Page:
My lab's research interests: Breeding birds, eavesdropping, foraging ecology, game theory, habitat selection, predator-prey interactions, soundscapes
My research focus is on understanding (1) How we can upscale detailed processes at the level of individuals (i.e., adaptive behavior) into patterns at the population and community scale, (2) How will organisms respond ecologically and evolutionarily to human-induced environmental change, and (3) What types of environmental changes promote adaptive behavioral responses that in turn ameliorate or aggravate the consequences of a changing environment.
The ecology of information is the primary conceptual framework of my research. Information is that which eliminates options, e.g., with whom to mate, locations to breed, developmental pathways to activate, and so on. There is a fundamental relationship between information and fitness: the benefit of information, i.e., the fold-increase in the population growth rate or evolutionary fitness, is equal to (or constrained by) the fold-reduction in options. I focused on understanding this relationship, both empirically and theoretically, particularly as elation to environmental change.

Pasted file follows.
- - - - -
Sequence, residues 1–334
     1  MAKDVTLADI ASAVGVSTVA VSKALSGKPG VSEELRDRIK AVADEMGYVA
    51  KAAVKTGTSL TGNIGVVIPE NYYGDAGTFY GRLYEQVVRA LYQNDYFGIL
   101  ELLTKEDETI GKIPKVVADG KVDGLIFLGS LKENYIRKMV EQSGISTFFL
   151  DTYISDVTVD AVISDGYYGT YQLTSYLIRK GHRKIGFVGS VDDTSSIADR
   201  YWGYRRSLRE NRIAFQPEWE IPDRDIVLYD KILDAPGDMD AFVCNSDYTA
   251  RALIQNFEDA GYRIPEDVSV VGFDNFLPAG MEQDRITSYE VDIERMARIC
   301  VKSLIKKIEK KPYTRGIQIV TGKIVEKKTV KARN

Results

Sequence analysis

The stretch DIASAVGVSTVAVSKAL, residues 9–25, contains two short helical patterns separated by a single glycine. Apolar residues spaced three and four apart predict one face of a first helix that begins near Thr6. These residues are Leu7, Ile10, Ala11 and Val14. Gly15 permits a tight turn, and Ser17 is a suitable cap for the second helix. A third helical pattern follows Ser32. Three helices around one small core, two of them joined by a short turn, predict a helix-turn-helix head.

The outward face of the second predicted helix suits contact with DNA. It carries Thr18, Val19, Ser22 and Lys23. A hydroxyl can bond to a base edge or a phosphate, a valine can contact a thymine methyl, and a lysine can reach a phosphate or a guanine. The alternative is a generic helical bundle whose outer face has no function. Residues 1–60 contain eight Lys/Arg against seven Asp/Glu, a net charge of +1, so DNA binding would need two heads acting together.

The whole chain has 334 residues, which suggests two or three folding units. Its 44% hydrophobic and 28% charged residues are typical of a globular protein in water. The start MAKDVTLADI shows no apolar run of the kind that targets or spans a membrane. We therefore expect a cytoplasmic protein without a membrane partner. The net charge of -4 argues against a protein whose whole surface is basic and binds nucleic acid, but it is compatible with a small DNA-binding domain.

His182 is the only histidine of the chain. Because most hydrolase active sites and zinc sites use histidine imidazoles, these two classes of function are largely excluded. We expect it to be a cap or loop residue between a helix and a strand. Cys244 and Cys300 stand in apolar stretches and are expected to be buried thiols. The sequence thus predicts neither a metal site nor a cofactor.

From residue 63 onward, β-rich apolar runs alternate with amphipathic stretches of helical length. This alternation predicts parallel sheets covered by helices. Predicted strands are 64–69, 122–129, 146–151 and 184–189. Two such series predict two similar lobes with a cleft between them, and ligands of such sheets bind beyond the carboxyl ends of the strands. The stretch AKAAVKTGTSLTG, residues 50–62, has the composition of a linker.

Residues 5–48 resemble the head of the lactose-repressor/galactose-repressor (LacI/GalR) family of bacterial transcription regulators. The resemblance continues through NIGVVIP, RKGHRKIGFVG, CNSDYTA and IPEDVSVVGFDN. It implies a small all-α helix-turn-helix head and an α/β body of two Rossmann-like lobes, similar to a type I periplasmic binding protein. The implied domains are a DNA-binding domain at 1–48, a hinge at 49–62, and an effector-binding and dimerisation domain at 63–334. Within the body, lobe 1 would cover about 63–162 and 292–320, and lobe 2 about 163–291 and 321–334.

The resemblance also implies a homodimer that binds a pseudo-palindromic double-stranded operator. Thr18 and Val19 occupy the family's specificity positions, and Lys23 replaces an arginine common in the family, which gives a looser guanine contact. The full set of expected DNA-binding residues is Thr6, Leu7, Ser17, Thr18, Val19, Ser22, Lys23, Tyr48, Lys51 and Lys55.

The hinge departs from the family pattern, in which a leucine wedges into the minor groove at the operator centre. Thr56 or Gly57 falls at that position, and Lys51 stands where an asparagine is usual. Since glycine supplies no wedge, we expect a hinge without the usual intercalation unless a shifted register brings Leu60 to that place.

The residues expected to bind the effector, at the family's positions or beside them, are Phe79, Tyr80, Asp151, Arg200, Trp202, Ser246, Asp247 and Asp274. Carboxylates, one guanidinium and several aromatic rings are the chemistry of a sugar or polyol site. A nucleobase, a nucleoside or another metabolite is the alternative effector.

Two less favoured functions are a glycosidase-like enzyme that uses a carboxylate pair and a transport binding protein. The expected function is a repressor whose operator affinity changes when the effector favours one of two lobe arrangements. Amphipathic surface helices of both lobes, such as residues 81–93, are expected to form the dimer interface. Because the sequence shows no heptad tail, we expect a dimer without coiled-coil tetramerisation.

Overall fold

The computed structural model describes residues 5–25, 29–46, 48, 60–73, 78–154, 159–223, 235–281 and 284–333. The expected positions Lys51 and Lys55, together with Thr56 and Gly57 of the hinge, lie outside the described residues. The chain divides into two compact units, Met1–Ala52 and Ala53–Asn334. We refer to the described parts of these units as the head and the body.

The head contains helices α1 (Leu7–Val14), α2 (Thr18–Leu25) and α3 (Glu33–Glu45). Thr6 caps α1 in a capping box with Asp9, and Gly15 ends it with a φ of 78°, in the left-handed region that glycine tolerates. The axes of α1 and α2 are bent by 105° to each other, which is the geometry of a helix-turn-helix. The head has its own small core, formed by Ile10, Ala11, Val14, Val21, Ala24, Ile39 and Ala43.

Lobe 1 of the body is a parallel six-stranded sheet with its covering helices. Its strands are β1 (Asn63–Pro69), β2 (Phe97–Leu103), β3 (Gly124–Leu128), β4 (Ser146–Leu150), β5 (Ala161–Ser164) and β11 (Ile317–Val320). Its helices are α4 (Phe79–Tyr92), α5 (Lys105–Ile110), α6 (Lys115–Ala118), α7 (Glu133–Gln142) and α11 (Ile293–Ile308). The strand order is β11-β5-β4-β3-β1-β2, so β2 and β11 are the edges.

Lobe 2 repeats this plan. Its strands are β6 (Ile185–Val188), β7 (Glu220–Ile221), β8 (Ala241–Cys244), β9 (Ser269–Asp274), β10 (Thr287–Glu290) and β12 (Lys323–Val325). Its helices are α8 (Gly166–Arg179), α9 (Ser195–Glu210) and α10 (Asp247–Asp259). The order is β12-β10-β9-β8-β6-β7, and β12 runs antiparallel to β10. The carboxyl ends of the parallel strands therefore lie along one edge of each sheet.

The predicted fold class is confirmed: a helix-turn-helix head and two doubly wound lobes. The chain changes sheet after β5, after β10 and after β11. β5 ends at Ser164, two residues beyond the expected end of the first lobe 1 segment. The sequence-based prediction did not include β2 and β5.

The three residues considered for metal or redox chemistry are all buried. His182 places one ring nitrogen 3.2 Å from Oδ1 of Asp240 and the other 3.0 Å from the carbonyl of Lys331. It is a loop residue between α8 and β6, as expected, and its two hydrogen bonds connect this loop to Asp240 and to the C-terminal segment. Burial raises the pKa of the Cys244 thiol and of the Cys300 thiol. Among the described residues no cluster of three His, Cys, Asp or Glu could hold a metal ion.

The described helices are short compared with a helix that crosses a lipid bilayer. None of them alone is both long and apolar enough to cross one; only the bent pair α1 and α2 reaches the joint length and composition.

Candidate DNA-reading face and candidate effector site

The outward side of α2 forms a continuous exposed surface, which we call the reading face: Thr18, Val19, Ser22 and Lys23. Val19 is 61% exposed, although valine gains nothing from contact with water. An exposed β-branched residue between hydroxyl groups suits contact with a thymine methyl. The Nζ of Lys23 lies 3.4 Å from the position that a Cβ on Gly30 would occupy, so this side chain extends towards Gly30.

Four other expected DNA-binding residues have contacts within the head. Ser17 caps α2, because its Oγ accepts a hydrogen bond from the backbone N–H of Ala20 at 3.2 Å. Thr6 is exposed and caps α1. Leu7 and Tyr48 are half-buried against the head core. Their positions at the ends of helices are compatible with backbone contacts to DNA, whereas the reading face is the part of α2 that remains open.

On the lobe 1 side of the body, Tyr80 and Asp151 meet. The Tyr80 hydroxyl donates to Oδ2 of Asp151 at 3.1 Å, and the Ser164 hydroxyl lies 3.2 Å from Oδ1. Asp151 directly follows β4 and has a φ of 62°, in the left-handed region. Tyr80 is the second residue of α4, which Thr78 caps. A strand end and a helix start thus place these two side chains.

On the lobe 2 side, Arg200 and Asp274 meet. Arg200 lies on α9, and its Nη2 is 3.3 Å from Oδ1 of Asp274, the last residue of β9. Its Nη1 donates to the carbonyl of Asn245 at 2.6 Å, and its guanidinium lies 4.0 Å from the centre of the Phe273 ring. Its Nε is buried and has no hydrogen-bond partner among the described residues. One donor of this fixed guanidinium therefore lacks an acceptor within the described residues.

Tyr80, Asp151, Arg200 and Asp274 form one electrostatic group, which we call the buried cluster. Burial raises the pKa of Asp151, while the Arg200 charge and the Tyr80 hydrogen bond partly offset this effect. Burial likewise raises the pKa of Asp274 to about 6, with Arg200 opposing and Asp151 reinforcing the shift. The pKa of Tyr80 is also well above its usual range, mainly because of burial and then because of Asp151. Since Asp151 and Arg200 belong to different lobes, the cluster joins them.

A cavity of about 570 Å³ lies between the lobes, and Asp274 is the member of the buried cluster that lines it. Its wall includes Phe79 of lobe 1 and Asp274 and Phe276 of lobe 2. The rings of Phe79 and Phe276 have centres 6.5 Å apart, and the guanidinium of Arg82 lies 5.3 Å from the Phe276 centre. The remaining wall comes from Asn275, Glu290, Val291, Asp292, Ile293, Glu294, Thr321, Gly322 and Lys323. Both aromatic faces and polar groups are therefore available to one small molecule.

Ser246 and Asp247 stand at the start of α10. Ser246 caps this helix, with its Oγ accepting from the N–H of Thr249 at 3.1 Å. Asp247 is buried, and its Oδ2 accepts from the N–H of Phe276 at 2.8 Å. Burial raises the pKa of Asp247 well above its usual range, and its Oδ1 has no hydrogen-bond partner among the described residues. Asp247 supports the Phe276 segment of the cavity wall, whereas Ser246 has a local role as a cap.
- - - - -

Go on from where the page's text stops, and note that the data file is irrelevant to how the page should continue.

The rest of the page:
Fieldwork: Studying the breeding ecology of passerines, in particular, provides my inspiration and passion for fieldwork. More generally, the lab works in the Northeast to South Africa examining behavioral and population ecology of birds and mammal.
April 24: Janice Kelly's manuscript was recently accepted for publication in the Wilson Journal of Ornithology: Not all Nesting Guild members are alike: Nest Predators and Conspecific Abundance Differentially Influence Nest Survival in the ground-nesting Ovenbird (Seiurus aurocapilla) and Veery (Catharus fuscescens).
Read our latest pub: Schmidt, K. A., M. A. Betts, and J. Johansson. 2015. Information mediated Allee effects in breeding habitat selection. American Naturalist: 86, vol.6. DOI: 10.1086/683659
Now or never: adaptive phenology and biotic interactions press release for the January 2015 issue of Oikos dedicated to phenological change.
Undergraduate research: Myer, L., K. A. Schmidt and B. Robertson. 2015. Invasive plants as evolutionary traps for nesting Veery. The Condor 117:320-327. See press coverage at Science Daily here
BBC Nature picks up Quinn's Emmering's research on eavesdropping birds here
Northern Woodlands 'Survellience for Survival' picks up our dusk chorus work here
Dr. Kenneth Schmidt